Joyce & Tutty Moreno
Samba, Jazz & Outras Bossas
by Dr. Leandro "Leo" Lage, The MPB-Jazz Guru
Quando surgiu em 1968,grande parte da crítica torceu o nariz para ela: ninguém acreditava naquela compositora-cantora: seria uma "jogada" da gravadora porque ela era uma "gata"? Bom,os anos vieram provar que Joyce além de uma menina linda,também viria a ser uma de nossas maiores compositoras,ótima cantora,violonista talentosa,até hoje,firme na estrada como vem provar nesse seu último disco que divide com seu marido,obaterista e também saxofonista Tutty Moreno(este cara fez um disco irrepreensível chamado Forças da Alma,lembram-se ?). Nesse CD Joyce e Tutty comemoram 30 anos de casado e convidaram um time de músicos imbatível. Manjem só:Jorge Helder(baixo),Lula Galvão(violão),Nailor Proveta(sax alto),Teco Cardoso(flauta,sax barítono),Hélio Alves(piano),Vittor Santos(trombone),Jessé Sadoc(trumpete),Paulo Aragão(violão) e Henrique Band(sax tenor).
Querem ouvir jazz,bossa-nova e samba ? Tudo isso você encontrará aqui,da mais alta qualidade. Das 14 músicas 10 são de Joyce e as outras são de Moacir Santos(April child), da dupla Luiz Reis e Haroldo Barbosa(Devagar com a louça),Baden e Vinicius(Berimbau,num arranjo notável de Dori Caymmi) e Embalo(Tenório Jr. numa linda e comovente homenagem). Um dos pontos altos do disco é a participação desse grande pianista,Hélio Alves. No cair de 2010,eis que surge esse discaço. Não percam!
Dado Moroni Trio
by Claudio Botelho
Some twenty years came by since Ron Carter presented this Italian piano player (and, now, singer…) to the American jazz aficionados. Last year, I listened to his “Solodado” (Abeat Jazz/2009), comprising solos of some well known songs and others of his make. Man, what a Yamaha was that piano! I never thought it could sound so good! Was the Bösendorfer, now owned by that Japanese company, the culprit? Maybe so, as Yamahas used to have a metalized signature.
Anyway, this time he is with another sound maven, acting as a bonus in what is already a very satisfying work.
It seems, he pays tribute to McCoy Tyner and Shirley Horn in his renderings of his own “Brother Alfred” (which could as well be named “Brother McCoy”) and “Here’s to Life” which, nobody can deny, has been a hallmark of that late diva. The veteran pianist was mentioned in Moroni’s acknowledgments. “Brother Alfred”was performed in an up tempo mood which wouldn’t be my preferred pace to homage Tyner, as his faster playing seems a little mixed up, presenting notes in excess. This distracts the listener from following the natural course of the song. Still, that is the way Tyner is more easily recognizable. It may explain the reason behind Moroni. I’d rather listen to McCoy Tyner in slower tempi…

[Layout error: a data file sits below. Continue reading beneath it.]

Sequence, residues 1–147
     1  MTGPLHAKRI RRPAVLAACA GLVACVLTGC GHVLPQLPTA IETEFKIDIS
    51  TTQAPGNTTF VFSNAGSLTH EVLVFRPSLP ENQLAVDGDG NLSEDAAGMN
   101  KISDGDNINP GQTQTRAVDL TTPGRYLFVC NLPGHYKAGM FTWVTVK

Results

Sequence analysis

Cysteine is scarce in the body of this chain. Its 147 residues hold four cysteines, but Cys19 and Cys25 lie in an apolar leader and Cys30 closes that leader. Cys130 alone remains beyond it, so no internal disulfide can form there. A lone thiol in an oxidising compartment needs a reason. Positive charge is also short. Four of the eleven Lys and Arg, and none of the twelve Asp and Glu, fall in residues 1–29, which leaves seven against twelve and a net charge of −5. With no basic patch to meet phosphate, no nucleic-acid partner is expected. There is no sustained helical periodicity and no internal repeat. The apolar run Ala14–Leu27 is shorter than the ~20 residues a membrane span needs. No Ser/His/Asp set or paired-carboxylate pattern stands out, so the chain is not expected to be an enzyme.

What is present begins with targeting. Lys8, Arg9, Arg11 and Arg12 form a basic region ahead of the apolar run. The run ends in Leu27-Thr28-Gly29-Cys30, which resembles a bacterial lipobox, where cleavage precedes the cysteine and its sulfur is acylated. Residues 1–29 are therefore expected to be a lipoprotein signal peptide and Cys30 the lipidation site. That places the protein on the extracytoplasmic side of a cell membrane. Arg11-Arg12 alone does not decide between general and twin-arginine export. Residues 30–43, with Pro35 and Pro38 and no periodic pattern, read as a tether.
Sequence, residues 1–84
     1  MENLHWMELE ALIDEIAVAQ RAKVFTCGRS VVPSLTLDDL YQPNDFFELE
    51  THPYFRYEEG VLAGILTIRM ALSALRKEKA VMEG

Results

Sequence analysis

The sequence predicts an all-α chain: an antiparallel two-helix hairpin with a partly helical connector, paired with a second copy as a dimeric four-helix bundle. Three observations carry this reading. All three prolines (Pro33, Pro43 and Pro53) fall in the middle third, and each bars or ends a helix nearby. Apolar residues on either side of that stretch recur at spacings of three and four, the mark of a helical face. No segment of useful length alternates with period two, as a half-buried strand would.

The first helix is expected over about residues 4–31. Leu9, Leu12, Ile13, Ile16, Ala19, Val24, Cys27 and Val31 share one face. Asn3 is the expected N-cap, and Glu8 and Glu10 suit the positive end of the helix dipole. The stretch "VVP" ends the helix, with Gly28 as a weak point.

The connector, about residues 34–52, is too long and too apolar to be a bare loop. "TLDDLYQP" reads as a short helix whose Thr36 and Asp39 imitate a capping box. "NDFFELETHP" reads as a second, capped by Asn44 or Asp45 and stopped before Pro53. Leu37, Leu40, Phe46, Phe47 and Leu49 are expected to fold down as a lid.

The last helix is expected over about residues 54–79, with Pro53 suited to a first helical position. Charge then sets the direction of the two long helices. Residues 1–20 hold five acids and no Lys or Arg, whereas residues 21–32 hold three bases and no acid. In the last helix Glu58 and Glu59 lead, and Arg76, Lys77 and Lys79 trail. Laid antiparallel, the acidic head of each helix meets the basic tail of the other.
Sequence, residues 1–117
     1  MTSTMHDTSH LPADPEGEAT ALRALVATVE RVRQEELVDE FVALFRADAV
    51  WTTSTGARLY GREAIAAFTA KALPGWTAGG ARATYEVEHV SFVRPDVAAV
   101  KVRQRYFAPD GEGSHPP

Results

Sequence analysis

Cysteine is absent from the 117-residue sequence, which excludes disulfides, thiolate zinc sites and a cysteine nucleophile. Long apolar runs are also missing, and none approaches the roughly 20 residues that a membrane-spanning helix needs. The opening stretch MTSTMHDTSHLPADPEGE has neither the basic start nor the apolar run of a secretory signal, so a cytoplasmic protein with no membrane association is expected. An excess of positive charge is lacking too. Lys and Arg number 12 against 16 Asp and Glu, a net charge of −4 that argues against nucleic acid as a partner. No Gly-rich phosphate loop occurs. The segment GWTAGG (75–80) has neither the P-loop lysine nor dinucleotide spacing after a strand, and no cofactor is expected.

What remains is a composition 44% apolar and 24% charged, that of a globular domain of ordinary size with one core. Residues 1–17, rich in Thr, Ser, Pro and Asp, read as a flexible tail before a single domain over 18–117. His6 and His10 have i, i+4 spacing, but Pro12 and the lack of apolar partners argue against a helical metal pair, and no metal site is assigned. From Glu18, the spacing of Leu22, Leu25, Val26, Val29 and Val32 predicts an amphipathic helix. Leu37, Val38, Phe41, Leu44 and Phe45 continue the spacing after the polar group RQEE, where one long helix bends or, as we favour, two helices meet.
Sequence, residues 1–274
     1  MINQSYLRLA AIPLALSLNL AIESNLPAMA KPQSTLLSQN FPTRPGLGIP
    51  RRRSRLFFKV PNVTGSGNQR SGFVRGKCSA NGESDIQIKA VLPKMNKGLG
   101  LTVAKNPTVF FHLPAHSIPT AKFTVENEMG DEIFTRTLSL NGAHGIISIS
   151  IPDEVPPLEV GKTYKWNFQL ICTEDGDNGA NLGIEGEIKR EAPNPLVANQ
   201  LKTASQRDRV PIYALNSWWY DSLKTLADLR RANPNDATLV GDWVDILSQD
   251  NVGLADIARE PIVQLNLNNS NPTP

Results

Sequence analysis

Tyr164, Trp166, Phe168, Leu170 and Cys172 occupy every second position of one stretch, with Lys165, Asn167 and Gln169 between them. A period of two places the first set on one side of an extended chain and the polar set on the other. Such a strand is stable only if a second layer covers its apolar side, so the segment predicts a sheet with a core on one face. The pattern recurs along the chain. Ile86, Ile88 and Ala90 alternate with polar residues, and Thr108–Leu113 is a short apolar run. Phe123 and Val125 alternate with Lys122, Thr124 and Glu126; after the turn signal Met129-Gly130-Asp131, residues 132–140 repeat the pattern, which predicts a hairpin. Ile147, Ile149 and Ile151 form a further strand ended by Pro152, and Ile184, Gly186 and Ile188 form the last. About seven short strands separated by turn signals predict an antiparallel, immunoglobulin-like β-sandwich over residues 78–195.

“Here’s to Life” was sung in a respectful manner: the spirit of the song was judiciously followed and he decided not to abstract from its main line. It wasn’t jazz in fact, although he chose to sing it in a very particular way, which was faster than Horn’s, just bordering the line that would transform it altogether. But he succeeds very well in his kinda masculine rough singing: The message came out unaltered. If, as I guess, he was thinking of her, kudos for him! (I know, I Know: he said it was dedicated to Bobby Durham – “drummer extraordinaire” – but I couldn’t stop thinking of her…)
Every jazz musician is potentially a composer and a singer and, in this work, Moroni shows he’s not any different…
Two Brazilian gem songs from Lins (“Love Dance”) and Jobim (“Desafinado”) compose his portfolio and the trio presents them with panache, showing a right balance and a very interesting intro arrangement in its “Desafinado” presentation. It was never out-of-tune!
The welcome piece, a song from his make named “Ballade pour Gianni”, is uncommonly plenty of optimism for a ballad. I did not have the lucky of knowing that master sax man (Gianni Basso) but, judging by the easy flow of that song, he was really someone special!
Electronic Keyboards…Why use it here? I don’t know, maybe for a change… Listen to “For the time Being” and “Shark Attack”. They’re not bad, by any standards, but I would be happier with the other way. Anyway, listen to the fancy atmosphere of the first of these. In the following, the shark attacks first with a bass and the drums, then uses the keyboards. The danger prevails all the time…
You can also listen to the imaginative “the Duck and the Duchess”, also by him, and to “F.B.S”, which presents a piano-bass duel and, once more, Tyner arrived…
All in all, an excellent production from TCB, with a very important support from Zerodiecistudio of Genève.